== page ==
Trump orders ‘surge’ of federal agents into US cities

President Donald Trump is to send "a surge" of federal security forces to US cities in a crackdown on crime. Chicago and two other Democratic-run cities are being targeted in the Republican president's move, amid a spike in violence. But federal deployments in Portland, Oregon, have proved controversial. Local officials say they have raised tensions amid ongoing protests.

Law and order has become a key plank of Trump's re-election bid in November. Since the death on 25 May of an unarmed black man, George Floyd, in police custody in Minneapolis, Minnesota, there have been protests - sometimes descending into civil disorder - in scores of US cities. Meanwhile, gun violence has spiked in metropolitan areas including New York City, Philadelphia, Los Angeles, Chicago and Milwaukee.

The president, who accuses Democrats of being weak on crime, said: "In recent weeks there has been a radical movement to defend, dismantle and dissolve our police department." He blamed this for "a shocking explosion of shootings, killings, murders and heinous crimes of violence". He added: "This bloodshed will end."

US Attorney General William Barr, who was with Trump, said they had sent about 200 federal agents to Kansas City, Missouri. They would send a "comparable" number to Chicago and about 35 others to Albuquerque, New Mexico. Barr said the officers would be involved in "classic crime fighting", unlike the deployment of Department of Homeland Security agents which were sent to "defend against riots and mob violence" in Portland.

However policing in the US is the responsibility of states, and governors and locals officials have resisted the deployment of federal agents.

Oregon Governor Kate Brown has called it "a blatant abuse of power," and Portland's Mayor Ted Wheeler "an attack on our democracy."Chicago Mayor Lori Lightfoot said on Tuesday: "We welcome actual partnership, but we do not welcome dictatorship."

On Tuesday night, federal agents fired tear gas, pepper balls and flashbangs at demonstrators in Portland, which has seen 54 consecutive nights of protests. The officers used crowd-control munitions to disperse hundreds of people gathered outside a federal court. The agents have been accused of driving in unmarked vehicles around Oregon's biggest city while wearing military fatigues and arbitrarily arresting a handful of demonstrators.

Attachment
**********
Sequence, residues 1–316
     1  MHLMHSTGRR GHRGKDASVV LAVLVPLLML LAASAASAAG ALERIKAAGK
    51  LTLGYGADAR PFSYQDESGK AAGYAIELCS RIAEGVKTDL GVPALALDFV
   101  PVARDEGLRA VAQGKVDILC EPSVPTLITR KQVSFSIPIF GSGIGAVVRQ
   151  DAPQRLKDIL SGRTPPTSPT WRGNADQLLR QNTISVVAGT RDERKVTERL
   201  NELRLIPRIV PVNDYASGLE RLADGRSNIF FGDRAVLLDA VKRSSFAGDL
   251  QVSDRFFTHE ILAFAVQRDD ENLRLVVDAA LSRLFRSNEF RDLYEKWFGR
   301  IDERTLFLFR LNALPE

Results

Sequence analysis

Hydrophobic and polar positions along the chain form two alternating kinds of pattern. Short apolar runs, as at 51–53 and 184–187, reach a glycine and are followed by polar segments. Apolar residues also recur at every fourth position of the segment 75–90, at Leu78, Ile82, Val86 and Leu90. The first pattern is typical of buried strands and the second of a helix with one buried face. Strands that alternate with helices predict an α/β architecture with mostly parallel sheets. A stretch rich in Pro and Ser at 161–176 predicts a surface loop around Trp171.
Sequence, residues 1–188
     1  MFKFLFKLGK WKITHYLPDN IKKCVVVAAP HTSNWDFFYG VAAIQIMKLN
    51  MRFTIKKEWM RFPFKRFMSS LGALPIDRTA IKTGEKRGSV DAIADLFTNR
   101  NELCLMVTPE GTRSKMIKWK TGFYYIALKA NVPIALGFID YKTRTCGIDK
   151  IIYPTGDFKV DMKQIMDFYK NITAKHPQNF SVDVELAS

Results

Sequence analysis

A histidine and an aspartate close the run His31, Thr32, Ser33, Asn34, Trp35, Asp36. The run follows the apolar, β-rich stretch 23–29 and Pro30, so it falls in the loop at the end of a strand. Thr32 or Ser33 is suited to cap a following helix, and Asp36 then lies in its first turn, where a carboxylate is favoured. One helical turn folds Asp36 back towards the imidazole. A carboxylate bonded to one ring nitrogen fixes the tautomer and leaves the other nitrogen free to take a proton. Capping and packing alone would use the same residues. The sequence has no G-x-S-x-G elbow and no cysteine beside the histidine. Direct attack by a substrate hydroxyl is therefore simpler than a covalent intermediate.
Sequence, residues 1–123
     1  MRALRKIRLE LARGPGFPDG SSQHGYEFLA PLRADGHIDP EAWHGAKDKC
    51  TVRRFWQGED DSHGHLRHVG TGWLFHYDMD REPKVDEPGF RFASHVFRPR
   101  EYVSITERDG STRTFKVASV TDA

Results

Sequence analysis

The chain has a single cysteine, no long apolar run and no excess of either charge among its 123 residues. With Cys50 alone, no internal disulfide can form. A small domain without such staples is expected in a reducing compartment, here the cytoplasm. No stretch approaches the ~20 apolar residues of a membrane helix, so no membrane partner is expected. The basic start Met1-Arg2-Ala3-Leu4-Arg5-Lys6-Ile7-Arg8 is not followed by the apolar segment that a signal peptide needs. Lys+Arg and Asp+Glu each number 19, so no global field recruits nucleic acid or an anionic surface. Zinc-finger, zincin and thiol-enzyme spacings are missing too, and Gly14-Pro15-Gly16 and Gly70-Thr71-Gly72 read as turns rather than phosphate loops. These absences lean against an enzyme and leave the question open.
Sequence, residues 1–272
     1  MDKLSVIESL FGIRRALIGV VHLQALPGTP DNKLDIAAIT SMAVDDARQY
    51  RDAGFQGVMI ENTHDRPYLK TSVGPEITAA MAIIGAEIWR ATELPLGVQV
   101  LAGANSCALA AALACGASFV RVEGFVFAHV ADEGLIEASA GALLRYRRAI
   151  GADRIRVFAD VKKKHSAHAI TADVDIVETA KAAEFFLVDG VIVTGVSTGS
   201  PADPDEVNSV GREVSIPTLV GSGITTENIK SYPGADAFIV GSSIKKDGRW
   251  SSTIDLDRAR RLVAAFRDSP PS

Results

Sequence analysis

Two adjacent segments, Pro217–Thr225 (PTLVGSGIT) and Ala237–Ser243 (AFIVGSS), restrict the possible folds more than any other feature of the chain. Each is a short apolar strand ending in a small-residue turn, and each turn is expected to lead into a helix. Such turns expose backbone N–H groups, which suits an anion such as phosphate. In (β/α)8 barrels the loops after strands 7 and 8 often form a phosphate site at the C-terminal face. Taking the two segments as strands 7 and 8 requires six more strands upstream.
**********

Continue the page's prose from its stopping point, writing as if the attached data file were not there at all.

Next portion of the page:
Using the same alarmist language Trump has employed to describe illegal immigration, ythe US president painted Democrat-led cities as out of control and lashed out at the “radical left,” which he blamed for rising violence in some cities, even though criminal justice experts say it defies easy explanation.

“In recent weeks there has been a radical movement to defund, dismantle and dissolve our police department,” Trump said Wednesday at a White House event, blaming the movement for “a shocking explosion of shootings, killings, murders and heinous crimes of violence.”

“This bloodshed must end,” he said. “This bloodshed will end.”

The decision to dispatch federal agents to American cities is playing out at a hyperpoliticized moment when Trump is grasping for a new reelection strategy after the coronavirus upended the economy, dismantling what his campaign had seen as his ticket to a second term. With less than four months until Election Day, Trump has been warning that violence will worsen if his Democratic rival Joe Biden is elected in November and Democrats have a chance to make the police reforms they have endorsed after the killing of George Floyd and nationwide protests demanding racial justice.

Crime began surging in some cities like Chicago, New York and Philadelphia when stay-at-home orders lifted. Criminal justice experts seeking answers have pointed to the unprecedented moment: a pandemic that has killed over 140,000 Americans, historic unemployment, a mass reckoning over race and police brutality, intense stress and even the weather. Compared with other years, crime in 2020 is down overall.

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